Teenage girl who weighed just six stone wrongly diagnosed with eating disorder when she had a deadly brain tumour
Nichole Bain, 19, was suffering from severe headaches and sickness when she visited her GP in Blackburn, LancashireShe actually had a malignant brain tumour the size of a 50p coin
01:29 GMT, 12 May 2012
A teenager weighing just six stone was wrongly diagnosed as an anorexic by doctors when she actually had a potentially deadly brain tumour.
Nichole Bain, 19, was suffering from severe headaches and sickness when she visited her GP in Blackburn, Lancashire.
At the time she had to wear clothes that normally fit an 11-year-old, and her doctor mistakenly thought she had an eating disorder.
When her symptoms failed to go away, Miss Bain sought the opinions of other doctors and she was referred to a neurologist.
Changes: Nichole Bain weighed just six stone (right) when as a 15-year-old she was wrongly diagnosed as an anorexic by doctors when she actually had a potentially deadly brain tumour. She is now healthy again (left)
She was stunned to be told she needed an emergency brain scan, just days before she was due to fly to Turkey on holiday.
Tests showed Miss Bain had a malignant brain tumour the size of a 50p coin – and if she had flown on a plane, the air pressure would likely have exacerbated her condition.
Miss Bain underwent an operation to remove the tumour.
She then endured two months of chemotherapy and radiotherapy, losing her long hair, before she was finally told that the treatment had been successful.
Her mother Julie Bain, 41, said: 'We initially got nowhere but all we’re bothered about is seeing Nichole eat again and to know that the tumour has gone.
'Doctors thought she had anorexia or bulimia and each time we went it was different. When the GP said she had anorexia I just thought that a doctor can't be wrong so accepted it.
'Now she’s having a brain scan every four months for two years, then every six months for three years, then every year for five years and then every five years after that.
'There’s still a way to go yet.'
Road to recovery: Tests showed Miss Bain, pictured with her mother Julie, had a malignant brain tumour the size of a 50p coin
Miss Bain was 15 and weighed 8.5-stone when in December 2008 she began suffering from severe headaches and constant sickness.
Her doctor first said she suffered from migraines, then celiac disease and even bizarrely said she was 'standing up too fast'.
She was finally diagnosed with anorexia in April 2009 after her weight dropped to just six stone.
Mrs Bain, who is her daughter’s full-time carer, said: 'She complained of a bad headache and felt sick and was dizzy and I took her to the doctors.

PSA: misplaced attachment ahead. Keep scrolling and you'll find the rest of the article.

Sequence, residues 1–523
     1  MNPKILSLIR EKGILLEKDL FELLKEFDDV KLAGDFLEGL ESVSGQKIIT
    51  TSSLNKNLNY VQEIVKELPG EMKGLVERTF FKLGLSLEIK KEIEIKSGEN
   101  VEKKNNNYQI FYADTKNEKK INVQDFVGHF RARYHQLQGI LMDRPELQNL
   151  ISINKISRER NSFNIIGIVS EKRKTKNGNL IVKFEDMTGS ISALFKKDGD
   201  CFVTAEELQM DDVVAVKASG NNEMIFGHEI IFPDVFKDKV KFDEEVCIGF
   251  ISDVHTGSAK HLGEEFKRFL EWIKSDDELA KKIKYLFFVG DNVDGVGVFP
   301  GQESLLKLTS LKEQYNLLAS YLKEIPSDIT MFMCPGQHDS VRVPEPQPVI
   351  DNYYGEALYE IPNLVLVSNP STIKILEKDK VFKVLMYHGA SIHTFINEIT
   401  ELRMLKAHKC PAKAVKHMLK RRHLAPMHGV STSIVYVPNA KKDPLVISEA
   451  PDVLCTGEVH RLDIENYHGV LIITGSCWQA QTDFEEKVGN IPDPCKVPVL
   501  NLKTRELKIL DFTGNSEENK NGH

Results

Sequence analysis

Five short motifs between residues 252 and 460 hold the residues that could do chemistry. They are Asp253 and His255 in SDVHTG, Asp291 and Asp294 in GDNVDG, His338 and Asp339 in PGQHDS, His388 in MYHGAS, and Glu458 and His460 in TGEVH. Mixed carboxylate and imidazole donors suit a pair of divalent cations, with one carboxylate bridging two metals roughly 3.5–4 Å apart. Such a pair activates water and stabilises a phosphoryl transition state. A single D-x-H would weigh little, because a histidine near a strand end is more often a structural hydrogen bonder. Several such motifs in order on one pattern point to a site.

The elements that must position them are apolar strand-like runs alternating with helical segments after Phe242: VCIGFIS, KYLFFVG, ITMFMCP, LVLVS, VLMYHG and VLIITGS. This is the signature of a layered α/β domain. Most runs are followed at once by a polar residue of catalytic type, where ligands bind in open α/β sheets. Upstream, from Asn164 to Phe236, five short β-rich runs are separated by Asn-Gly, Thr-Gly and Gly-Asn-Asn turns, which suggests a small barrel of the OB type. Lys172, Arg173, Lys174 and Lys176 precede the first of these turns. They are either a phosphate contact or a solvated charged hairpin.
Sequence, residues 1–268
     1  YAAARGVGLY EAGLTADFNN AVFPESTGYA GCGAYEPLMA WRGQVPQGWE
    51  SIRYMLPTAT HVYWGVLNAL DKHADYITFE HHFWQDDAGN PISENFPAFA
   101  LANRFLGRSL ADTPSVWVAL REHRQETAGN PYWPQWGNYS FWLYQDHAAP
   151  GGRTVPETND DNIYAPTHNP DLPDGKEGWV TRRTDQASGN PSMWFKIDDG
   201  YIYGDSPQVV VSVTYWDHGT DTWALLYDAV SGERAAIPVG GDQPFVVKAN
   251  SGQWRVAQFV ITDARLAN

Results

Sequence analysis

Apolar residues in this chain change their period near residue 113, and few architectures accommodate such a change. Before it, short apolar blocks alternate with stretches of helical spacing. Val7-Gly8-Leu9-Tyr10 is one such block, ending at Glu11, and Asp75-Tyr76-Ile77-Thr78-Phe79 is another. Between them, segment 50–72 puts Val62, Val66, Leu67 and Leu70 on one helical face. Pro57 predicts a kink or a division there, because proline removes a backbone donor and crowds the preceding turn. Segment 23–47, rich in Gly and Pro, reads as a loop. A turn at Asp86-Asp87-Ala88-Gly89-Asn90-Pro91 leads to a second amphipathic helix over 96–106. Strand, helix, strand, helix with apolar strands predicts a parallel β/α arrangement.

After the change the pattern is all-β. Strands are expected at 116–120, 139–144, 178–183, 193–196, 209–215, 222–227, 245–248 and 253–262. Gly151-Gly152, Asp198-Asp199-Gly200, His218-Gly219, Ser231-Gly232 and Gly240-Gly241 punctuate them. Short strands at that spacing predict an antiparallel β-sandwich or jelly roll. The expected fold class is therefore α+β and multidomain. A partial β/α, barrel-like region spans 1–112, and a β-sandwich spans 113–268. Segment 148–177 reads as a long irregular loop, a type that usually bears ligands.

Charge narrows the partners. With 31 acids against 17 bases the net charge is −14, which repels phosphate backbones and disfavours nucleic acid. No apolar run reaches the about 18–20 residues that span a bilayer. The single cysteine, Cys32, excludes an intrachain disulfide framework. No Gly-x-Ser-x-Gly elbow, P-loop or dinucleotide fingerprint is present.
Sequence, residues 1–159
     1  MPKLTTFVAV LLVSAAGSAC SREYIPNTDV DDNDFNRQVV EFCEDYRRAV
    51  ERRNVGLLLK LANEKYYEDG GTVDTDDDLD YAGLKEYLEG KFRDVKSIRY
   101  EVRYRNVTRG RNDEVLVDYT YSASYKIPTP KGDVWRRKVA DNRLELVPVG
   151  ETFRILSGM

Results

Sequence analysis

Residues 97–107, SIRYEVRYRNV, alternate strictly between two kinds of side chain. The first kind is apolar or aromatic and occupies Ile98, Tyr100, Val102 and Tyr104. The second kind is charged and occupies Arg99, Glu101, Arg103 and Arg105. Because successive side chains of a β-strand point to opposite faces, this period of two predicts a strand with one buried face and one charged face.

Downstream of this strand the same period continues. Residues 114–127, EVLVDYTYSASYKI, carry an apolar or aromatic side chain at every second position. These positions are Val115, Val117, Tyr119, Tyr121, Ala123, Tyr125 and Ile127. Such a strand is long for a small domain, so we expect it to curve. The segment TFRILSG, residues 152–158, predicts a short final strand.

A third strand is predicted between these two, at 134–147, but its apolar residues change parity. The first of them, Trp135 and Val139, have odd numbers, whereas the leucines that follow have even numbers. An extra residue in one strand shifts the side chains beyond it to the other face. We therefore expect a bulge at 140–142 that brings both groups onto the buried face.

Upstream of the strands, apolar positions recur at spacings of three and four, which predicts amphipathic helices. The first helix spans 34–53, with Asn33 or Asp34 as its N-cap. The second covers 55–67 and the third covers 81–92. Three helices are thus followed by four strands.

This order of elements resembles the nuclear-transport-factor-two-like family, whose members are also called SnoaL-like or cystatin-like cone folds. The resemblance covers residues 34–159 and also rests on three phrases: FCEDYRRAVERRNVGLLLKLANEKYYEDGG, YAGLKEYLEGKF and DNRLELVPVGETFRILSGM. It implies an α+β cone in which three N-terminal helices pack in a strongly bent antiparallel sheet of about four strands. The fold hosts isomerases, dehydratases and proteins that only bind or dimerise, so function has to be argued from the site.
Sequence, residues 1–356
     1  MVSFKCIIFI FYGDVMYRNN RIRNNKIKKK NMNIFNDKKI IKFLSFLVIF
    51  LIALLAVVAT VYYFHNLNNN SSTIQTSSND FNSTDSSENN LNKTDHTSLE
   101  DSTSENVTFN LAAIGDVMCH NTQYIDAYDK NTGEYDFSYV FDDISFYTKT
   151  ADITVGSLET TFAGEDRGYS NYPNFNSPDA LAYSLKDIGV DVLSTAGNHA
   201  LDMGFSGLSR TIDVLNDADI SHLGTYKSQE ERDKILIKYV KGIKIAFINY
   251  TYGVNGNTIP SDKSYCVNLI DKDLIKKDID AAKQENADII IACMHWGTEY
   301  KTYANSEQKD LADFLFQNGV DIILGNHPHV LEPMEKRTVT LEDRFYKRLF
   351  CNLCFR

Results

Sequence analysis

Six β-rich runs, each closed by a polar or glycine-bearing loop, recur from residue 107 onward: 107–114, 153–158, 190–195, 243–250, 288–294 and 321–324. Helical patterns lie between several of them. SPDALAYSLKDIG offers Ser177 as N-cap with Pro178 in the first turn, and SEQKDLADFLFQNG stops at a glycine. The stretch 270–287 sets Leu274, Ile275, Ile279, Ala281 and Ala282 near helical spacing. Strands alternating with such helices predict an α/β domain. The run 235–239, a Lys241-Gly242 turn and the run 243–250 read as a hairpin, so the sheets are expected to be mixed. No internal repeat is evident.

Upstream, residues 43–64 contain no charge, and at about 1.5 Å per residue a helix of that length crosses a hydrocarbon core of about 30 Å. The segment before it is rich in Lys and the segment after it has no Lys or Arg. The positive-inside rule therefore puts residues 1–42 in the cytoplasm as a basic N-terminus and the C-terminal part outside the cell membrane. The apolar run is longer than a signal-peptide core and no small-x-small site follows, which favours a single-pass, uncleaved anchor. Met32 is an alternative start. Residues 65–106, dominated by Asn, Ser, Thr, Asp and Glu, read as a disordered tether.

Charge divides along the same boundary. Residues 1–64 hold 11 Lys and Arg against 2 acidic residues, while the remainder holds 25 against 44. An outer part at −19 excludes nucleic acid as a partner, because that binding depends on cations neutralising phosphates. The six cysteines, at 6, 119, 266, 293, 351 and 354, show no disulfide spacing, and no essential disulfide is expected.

'We never saw the same doctor twice so we felt frustrated that we knew something was wrong and they talked to us like we were stupid and gave us painkillers.
Schoolgirl: Miss Bain was wrongly diagnosed with anorexia in April 2009 after her weight dropped to just six stone
'They always said it may be this, it may be that – they never committed to anything.
'They even said that she was dizzy because she was standing up too fast. To say that was disgusting.
'The doctor was about to send her to a psychiatrist about having an eating disorder.'
After months of feeling unwell, Miss Bain started hiding being sick from her parents because she was ashamed and thought it was her fault.
Mrs Bain said: 'All her food came straight back up, she wasn’t getting any nutrition at all. They even said that it may have been something she had eaten or she was allergic to something.
'I was only after she had the operation and I helped her out the bath that I saw just how skinny she was.'
They went to see another GP who sent her for cognitive and non-cognitive tests.
Mrs Bain said: 'The GP had a feel round Nichole’s neck and she said that she needed an emergency scan. That’s when we said that we were going to go on holiday to Turkey so they got us in for the scan the next day.
'After the scan we were going to make another appointment and we got told to wait in the treatment room. Then they came in and said, “You’ve got a brain tumour.” We all had a big long cry.'
Miss Bain was admitted to Manchester Children's Hospital where she had an operation to remove the tumour.
When she came round doctors said that they had taken out 99 per cent of the tumour; the rest was destroyed by chemotherapy.
She had to go through six weeks of chemotherapy and radiotherapy before a more intensive treatment called ‘packer regime’ – before her appetite came back with a vengeance.
Since the operation, Miss Bain has had double vision in her eyes and has to have Botox injected into them to make them straight, and also has to have intensive physio to help her walk properly again.